Q&A with a professional dog trainer


Editor's note: Mike Stewart has nearly 30 years of experience breeding and training sporting dogs and is currently training Drake, the official Labrador retriever of Ducks Unlimited. To learn more about Wildrose Kennels and the training methodology used by Mike, visit www.uklabs.com. If you have a training question, email Mike and he may answer your question in an upcoming column.

Kennel mates

Dear Mike,
My five-year-old yellow Labrador retriever will be having pups in the next
two weeks, and we are going to be keeping one of the puppies. My question
to you is: Can the two dogs live in the same pen, or do we need to have
them separated?

I know that if we keep a male, that we will have him

Will keeping the two dogs together, make them inseparable? Won't
keeping them in separate pens, divided only by a wire fence be just the

Any information would be great. Thanks for all the training
information on ESPNOutdoors.com.

Steve Schroeder
Concordia, Kansas

Its been my experience that pups kept separately after three months old are less likely to establish dysfunctional pack associations/hierarchy than if they are kept with siblings. It's easier to establish yourself as the pack leader. Keeping pups together until about three months of age seems to work out okay as long as you have daily interaction with each pup individually.

Their training at this age should be short, focused sessions, 2-3 minutes in duration to hold the pup's attention. After this early period, separate pups or their attention will be directed excessively on each other.

Rough housing and playing with other dogs must cease or negative habits will be entrenched. Imagine the problems later as you try to work or train your dog around other dogs. Eliminate this potential problem early on.

A very good question…. Thanks.

Off-lead work, retriever drive

My name is Nick Pérez, I live in St. Louis, Missouri. I
have a ten-month-old Chocolate Lab, that is extremely hyper
off her leash, but immediately becomes a well-mannered dog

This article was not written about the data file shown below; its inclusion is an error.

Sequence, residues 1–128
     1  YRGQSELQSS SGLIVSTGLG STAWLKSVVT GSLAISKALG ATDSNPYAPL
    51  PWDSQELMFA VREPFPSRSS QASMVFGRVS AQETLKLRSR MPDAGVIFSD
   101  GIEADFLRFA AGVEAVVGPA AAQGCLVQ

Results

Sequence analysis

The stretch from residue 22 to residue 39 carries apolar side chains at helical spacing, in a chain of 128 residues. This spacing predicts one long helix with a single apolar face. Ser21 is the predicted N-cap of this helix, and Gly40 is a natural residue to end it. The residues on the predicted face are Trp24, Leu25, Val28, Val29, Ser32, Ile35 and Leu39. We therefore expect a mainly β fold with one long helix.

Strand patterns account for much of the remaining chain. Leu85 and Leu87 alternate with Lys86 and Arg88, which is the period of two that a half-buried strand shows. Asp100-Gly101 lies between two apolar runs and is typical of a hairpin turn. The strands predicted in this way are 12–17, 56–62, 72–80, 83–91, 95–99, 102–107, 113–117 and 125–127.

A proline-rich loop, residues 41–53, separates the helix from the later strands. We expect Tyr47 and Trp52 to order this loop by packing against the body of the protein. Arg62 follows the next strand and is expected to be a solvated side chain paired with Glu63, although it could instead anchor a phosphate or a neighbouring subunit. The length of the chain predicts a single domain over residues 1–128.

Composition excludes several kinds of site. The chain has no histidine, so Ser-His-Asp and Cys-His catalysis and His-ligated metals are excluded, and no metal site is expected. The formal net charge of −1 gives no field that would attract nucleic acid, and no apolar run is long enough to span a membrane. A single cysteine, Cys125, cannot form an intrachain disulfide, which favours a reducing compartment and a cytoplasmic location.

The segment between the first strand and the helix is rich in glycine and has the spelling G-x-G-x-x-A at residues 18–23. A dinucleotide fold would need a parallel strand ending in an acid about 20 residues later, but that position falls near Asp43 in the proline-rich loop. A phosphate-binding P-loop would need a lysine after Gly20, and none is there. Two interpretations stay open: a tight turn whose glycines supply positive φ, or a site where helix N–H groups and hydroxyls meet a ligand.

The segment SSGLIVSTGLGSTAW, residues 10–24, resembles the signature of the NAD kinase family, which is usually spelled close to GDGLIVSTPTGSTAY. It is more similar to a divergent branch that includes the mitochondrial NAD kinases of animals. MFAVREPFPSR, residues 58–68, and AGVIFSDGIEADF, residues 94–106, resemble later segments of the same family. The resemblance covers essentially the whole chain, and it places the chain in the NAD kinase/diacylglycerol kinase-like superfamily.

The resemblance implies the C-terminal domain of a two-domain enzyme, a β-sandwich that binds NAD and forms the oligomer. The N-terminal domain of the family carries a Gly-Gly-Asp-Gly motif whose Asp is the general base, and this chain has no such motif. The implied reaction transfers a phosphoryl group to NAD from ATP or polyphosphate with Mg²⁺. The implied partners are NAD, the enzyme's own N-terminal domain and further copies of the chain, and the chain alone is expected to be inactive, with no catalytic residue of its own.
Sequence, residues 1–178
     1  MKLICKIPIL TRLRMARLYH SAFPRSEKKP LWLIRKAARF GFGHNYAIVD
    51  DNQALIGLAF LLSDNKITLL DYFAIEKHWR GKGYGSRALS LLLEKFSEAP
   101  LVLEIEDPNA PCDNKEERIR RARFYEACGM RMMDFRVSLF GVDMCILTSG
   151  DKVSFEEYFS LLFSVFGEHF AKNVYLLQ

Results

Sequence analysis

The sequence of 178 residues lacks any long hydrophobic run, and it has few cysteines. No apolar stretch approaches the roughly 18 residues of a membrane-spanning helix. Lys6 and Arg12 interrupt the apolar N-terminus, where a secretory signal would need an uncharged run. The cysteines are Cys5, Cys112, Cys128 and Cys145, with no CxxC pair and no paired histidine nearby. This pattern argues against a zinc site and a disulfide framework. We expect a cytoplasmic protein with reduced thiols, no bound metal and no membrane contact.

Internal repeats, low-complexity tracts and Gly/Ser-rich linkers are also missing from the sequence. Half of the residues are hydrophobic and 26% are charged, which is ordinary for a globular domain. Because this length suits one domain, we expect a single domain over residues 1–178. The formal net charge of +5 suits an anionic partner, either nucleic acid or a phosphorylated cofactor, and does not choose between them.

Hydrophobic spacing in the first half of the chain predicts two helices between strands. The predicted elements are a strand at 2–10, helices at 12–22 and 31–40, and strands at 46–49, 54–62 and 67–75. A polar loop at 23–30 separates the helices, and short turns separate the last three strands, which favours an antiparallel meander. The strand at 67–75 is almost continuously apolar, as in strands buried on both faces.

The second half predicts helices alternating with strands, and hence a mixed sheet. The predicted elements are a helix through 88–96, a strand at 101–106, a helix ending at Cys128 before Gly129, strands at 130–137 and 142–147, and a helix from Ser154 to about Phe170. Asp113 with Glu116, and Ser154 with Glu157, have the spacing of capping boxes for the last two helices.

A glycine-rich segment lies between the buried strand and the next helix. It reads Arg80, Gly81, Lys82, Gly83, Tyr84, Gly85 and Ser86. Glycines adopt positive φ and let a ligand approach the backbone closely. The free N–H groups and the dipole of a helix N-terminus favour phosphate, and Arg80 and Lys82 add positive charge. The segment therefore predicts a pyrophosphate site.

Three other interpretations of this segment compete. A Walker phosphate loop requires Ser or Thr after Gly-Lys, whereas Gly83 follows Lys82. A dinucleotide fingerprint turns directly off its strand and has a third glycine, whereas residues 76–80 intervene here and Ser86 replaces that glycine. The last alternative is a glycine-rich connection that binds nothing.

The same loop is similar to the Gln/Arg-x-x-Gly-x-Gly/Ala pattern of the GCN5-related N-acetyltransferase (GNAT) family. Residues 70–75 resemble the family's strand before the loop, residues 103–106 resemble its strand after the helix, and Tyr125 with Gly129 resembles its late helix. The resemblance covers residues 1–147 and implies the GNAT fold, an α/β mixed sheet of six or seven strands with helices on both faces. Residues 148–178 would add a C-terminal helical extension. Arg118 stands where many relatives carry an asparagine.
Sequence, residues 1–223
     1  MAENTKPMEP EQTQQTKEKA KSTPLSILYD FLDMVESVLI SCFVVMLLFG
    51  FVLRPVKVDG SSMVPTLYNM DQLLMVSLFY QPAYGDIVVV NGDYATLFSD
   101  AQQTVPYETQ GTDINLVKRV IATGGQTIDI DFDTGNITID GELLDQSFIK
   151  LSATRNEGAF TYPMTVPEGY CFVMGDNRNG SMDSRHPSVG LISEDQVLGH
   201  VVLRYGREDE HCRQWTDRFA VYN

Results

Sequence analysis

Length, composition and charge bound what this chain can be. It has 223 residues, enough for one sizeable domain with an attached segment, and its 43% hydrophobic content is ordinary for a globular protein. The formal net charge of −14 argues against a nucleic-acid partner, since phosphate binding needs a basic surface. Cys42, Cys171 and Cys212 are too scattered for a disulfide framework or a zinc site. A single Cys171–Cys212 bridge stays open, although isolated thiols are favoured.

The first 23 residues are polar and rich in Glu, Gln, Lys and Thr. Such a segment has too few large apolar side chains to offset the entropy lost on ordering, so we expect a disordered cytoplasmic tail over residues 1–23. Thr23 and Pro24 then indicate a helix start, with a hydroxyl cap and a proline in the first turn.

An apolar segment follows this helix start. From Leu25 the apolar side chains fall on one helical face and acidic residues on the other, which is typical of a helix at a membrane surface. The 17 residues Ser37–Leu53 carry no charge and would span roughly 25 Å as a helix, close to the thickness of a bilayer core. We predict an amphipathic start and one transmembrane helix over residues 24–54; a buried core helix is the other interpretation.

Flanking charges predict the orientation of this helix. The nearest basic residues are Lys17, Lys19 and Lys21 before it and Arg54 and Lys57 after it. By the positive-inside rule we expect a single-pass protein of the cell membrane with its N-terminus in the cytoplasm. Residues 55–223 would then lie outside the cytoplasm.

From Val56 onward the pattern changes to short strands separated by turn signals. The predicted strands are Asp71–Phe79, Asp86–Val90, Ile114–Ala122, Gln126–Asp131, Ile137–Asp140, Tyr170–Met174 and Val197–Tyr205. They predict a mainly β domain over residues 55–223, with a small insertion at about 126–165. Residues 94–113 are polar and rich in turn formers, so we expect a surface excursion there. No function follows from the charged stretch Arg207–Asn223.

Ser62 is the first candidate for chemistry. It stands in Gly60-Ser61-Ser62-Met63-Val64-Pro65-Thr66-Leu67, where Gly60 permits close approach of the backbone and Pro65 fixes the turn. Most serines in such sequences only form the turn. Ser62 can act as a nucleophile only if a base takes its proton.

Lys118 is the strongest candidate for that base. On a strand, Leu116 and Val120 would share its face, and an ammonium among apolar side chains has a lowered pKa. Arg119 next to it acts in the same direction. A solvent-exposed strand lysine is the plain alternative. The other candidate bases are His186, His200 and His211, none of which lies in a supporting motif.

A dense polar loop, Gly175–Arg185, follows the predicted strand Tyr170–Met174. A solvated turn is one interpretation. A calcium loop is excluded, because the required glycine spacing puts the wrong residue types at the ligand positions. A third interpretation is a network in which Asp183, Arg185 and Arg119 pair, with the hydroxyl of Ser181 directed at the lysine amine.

with it on.

Also, she only will retrieve when she feels like
it, and that is not too often.

My question to you is, What can I do to help calm her down so that she is able to be
controlled off of her leash, and able to retrieve from the

Thank you very much for your time and I hope to hear from you.

Nick Pérez
St.Louis, Missouri

Your question is two part, one deals will obedience/control issues. The second relates to retrieving.

It's really impossible to diagnose with certainty a dog's behavior/reaction to training through a Q&A Forum. The behaviors are multi-dimensional and the cause-effect relationship is unknown to the advisor.

It's similar to calling a doctor that you don't know and one that does not know your medical history and asking by e-mail, "what do I do about the pain in my back?" He won't prescribe anything without examination. Your questions present similar problems.

However, we must carefully examine the cause/effect relationships that could be the root causes of the undesirable behaviors then review remedy options.

Possible causes concerning off-lead obedience:

1. Too little emphasis on basic obedience training
2. Immaturity
3. Distracted
4. Genetic hyperactivity
5. Dysfunctional family interactions
6. Lack of training focus
7. Handler's inconsistencies
8. Poor training methods

Possible causes for disinterest in retrieving:

1. Genetics — poor bloodlines
2. Boredom, too many meaningless retrieves
3. Immaturity
4. Distracted
5. Dislikes bumper type

Lots of questions that required examination before credible advice can be applied.

At best, I need to ask more questions, but I'll give you some tips that should be universal.


Work pup away from her play area; she is young for solid off-lead work; work around no distractions, use fence or wall to assist correct heeling, heel slowly and hold pup's focus; use a training tab as a short, easily-accessible lead that does not drag; keep sessions short and focused.

It is probably early to expect perfect off-lead heel from a 10-month old pup. Use the steady tab for support and for quick re-adjustments.


Switch terrain; differ bumpers types, even tennis balls; add feathers to bumpers; reduce frequencies of retrieves; reduce distractions; excite the pup with some retrieves; apply a time-out — stop retrieving for a while, revisit in about 2 weeks.

I hope some of these ideas are helpful.

Best of luck!
Mike Stewart